My blog has been relegated to the back burner due to the fact it is “back to school time.” My fellow workers in the vineyard are always excited that we finish the school year in late May/early June. Come August 1, however, we are singing a different song, my favorite being “shouldn’t school start after Labor Day?!” Here here! Regardless, a new school year brings the excitement of new students, school supplies, challenges, and opportunities. It also brings back memories and as a high school teacher, most of those memories are a compare and contrast of what I studied and learned at Carondelet High school in Concord, California.
I think it’s fair to say that many a Carondelet cougar is familiar with the following dialogue.
“What high school did you go to?”
“Carondelet? Is that the all-girls’ high school across the street from De La Salle?”
As a sports fan, I understand this question is not without merit. As “Spartanhood.com” a website dedicated to De La Salle football reports, “The Spartans are perhaps the greatest dynasty in sports history, having amassed a 151-game winning streak that spanned more than a decade.” Their success is legitimate; their fame deserved. But, those same Spartans are literally and figuratively the brothers of a number of tremendous athletes at a school that may be “across the street” but isn’t totally separate.The infrastructure, as well as the dynamic of the two schools, is unique. According to the “History” of Carondelet “In September 1969 Carondelet also established a cooperative program with De La Salle High School whereby juniors and seniors attend selected classes on either campus. This cooperation also extends to a common calendar and schedule, joint faculty committees, student activities, and a sharing of facilities.” It is true; CHS and DLS share a great deal but reputation is not one of them. I wonder how many Spartans have been asked if their alma mater is the school "across the street" from Carondelet. I hope they have—for such a question is well deserved, as the most recent edition of the Carondeletter, the alumnae magazine of Carondelet proves is true.
The theme of the Summer 2010 Carondeletter is “Woman of Heart, Woman of Faith, Woman of Courage. Celebrating the women of the Carondelet community, especially the class of 2010." It features fourteen athletes including Jayne Appel ’06, a recent Stanford graduate who now plays in the WNBA, Tiffany Roberts Sahaydak ’95, a member of the first gold medal women’s soccer team in the 1996 Olympics and eleven-time gold medalist, Natalie Coughlin ’00. Coughlin is training for the 2012 Olympics in London and may become the most decorated American female swimmer of all time. Fifteen graduates from the Class of 2010 will be collegiate athletes.
Carondelet’s athletic achievements can be further appreciated in the context of what is a "seismic shift" in women's sports.
According to the article “A Sporting Chance” "In 1971, fewer than 300,000 high school girls participated in athletics. Today that number is close to three million, with almost half of all female high school students on a team. In 1972 about 16,000 young women participated in college athletics, a number that has grown to over 180,000. The number of women’s teams per campus has increased from an average of 2.5 before 1972 to 8.5 in 2006."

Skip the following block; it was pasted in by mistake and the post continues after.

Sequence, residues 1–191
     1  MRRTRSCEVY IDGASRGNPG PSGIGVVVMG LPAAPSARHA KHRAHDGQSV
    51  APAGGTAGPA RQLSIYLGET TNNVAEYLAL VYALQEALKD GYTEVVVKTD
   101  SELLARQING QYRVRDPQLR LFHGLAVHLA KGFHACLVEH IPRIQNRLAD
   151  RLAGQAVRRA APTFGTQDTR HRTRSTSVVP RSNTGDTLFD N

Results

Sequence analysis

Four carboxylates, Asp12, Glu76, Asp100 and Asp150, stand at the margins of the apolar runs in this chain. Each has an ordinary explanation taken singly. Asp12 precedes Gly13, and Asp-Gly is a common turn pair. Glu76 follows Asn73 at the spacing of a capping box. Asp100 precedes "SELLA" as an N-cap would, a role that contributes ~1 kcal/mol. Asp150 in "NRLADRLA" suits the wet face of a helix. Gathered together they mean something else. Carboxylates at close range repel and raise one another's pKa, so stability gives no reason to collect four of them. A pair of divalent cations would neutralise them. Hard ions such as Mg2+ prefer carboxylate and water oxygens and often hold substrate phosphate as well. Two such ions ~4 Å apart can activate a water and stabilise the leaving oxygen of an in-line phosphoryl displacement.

From its beginning in 1965, Carondelet has itself committed to providing athletic opportunities for young women, often ahead of the curve. The trend continues today. Carondelet has twelve varsity sports teams, two of which have been added since I graduated in 1992—Lacrosse and Golf. (Dance and Cheer are listed as year-round sports which makes the total fourteen sports programs) To its credit, De La Salle has fifteen, two of which have been added—Lacrosse and Rugby.
Then as now, sports are a microcosm of society and it isn’t difficult to realize that opportunities for women, especially in athletics, have come a long way. The Carondeletter is a testimony to that truth. Reading “Carondelet Athletes Hit Great Heights” helped me appreciate that Carondelet has always been bringing young women to the starting line. And these are athletes who live up to the theme of the issue; they are women of heart, faith, and courage. Athletics demands all three whether or not you are a Spartan or a Cougar.
Carondelet’s motto is “God, my light!” and De La Salle’s is “Hommes de Foi”—Men of Faith. I look at my brother, Mark ’89, and I know what a profound influence his experience as a student and an athlete at De La Salle had on him and the same is true for me. I strive to be a "woman of faith" and be in a deepening relationship with "God, my light." I appreciated running on De La Salle’s track, seeing my friends compete in De La Salle’s pool, I had some great teachers and made good friends “across the street.” I don’t, however, appreciate being in De La Salle’s shadow. We brought our own spirit and grit to the hardwood, our own flair for victory and class in defeat. We are more than the school "across the street"—we are the BVAL, NCS, NorCal and State Champions; champions with heart, faith, and courage! Ever onward alma mater, with our colors red and white!
CHS on the DLS track